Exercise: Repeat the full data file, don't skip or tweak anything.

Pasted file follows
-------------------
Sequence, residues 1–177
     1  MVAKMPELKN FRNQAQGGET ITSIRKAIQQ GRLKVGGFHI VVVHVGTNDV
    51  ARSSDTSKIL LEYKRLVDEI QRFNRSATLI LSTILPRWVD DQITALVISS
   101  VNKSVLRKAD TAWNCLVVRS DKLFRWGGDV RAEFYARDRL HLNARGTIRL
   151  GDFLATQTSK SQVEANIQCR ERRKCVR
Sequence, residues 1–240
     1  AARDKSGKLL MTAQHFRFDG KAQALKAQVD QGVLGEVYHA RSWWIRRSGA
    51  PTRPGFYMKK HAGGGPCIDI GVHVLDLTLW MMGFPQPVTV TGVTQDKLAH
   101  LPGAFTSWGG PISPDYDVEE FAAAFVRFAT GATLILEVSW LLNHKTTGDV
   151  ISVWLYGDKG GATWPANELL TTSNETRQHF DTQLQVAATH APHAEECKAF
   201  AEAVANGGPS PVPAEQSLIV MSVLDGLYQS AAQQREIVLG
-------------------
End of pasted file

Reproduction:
Sequence, residues 1–177
     1  MVAKMPELKN FRNQAQGGET ITSIRKAIQQ GRLKVGGFHI VVVHVGTNDV
    51  ARSSDTSKIL LEYKRLVDEI QRFNRSATLI LSTILPRWVD DQITALVISS
   101  VNKSVLRKAD TAWNCLVVRS DKLFRWGGDV RAEFYARDRL HLNARGTIRL
   151  GDFLATQTSK SQVEANIQCR ERRKCVR
Sequence, residues 1–240
     1  AARDKSGKLL MTAQHFRFDG KAQALKAQVD QGVLGEVYHA RSWWIRRSGA
    51  PTRPGFYMKK HAGGGPCIDI GVHVLDLTLW MMGFPQPVTV TGVTQDKLAH
   101  LPGAFTSWGG PISPDYDVEE FAAAFVRFAT GATLILEVSW LLNHKTTGDV
   151  ISVWLYGDKG GATWPANELL TTSNETRQHF DTQLQVAATH APHAEECKAF
   201  AEAVANGGPS PVPAEQSLIV MSVLDGLYQS AAQQREIVLG